Whole sea bass for a culinary adventure
Having black sea bass at Mac’s Seafood is not for the faint-hearted. Even Mac Hay says it can be intimidating, but worth it.
“I always enjoy serving it whole,” he said. “It’s so cool. A lot of people are totally into it.”
And, Hay said with a chuckle, some people act like they didn’t order it when it is placed in front of them.
Eating a sea bass requires your attention; and it looks at you. Diners say it is an experience, not easy like striped bass’ big, beautiful fillets that are laid in front of you. Sea bass you have to work at, take the meat off the bone, but the reward is great.
“It’s a fantastic fish,” said Hay. “It is a great local product that has great flavor to it.”
The frilled fin fish is fried with cornstarch, seasoned, and often graced with lemons inside or grilled and paired with Ponzu, an Asian, citrus-based sauce.
Fans hope that as sea bass increase in Cape waters, so too will they become more common on Cape plates. Hay said more adventurous eaters are drawn to them already, but others may need an incentive.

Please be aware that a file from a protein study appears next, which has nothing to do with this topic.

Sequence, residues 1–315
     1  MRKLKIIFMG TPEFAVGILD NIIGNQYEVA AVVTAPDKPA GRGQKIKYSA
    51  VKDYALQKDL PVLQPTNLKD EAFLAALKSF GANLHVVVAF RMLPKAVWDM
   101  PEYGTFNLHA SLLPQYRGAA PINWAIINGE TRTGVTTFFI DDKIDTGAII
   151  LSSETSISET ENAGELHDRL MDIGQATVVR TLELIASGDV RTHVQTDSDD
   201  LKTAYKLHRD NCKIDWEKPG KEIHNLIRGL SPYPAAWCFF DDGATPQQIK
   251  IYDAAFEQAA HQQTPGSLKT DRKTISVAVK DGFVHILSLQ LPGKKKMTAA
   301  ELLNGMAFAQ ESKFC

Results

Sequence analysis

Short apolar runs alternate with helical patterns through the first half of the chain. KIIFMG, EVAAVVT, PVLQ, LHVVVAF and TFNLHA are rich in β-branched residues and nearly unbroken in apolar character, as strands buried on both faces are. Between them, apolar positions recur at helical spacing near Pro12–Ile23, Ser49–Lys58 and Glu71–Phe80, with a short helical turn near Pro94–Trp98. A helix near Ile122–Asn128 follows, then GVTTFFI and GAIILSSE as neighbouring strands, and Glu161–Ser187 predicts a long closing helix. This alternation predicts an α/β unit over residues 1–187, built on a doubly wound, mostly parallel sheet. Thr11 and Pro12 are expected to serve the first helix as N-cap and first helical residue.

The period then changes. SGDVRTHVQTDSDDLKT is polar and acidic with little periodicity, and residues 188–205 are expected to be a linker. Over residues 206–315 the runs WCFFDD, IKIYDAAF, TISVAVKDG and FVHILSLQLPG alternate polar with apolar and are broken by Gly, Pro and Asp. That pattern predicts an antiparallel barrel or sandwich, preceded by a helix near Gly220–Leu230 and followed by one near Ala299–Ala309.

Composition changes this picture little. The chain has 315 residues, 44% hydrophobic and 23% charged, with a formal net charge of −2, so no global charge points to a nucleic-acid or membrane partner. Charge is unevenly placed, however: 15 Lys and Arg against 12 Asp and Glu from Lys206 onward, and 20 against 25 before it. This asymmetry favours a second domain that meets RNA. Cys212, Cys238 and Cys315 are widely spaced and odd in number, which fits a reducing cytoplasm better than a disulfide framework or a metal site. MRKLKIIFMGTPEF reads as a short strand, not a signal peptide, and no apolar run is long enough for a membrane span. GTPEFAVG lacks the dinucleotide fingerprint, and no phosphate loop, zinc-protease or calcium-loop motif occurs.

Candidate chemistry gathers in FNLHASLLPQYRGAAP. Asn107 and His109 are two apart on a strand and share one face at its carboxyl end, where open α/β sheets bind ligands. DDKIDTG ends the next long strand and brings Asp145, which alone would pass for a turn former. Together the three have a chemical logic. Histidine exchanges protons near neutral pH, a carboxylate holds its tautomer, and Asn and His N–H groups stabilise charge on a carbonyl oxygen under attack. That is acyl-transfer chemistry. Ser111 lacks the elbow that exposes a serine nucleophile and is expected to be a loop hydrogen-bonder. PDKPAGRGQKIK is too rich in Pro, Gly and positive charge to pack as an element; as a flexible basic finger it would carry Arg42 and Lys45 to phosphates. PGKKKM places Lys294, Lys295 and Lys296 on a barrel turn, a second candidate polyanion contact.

“People get stuck in their ways. They want to eat a piece of fried cod (even if it is not from the Cape) … or sea scallops. Everyone loves sea scallops,” he said.
Hay said sea bass are much like many other under-appreciated fish caught just offshore: they aren't commonly served. The fisheries would be more sustainable if there was a diversity of species, such as skate, monkfish, scup, and whiting, in nets and on plates. Now most of the sea bass caught here is shipped to New York, where there are more, and more varied palates.
Mac’s Seafood has been focused on serving locally caught fish for more than a decade – its motto is "there is no match for local catch." Only makes sense, Hay said:
“When you are directly connected to the fishermen you find out about any good product that is coming out of the water.”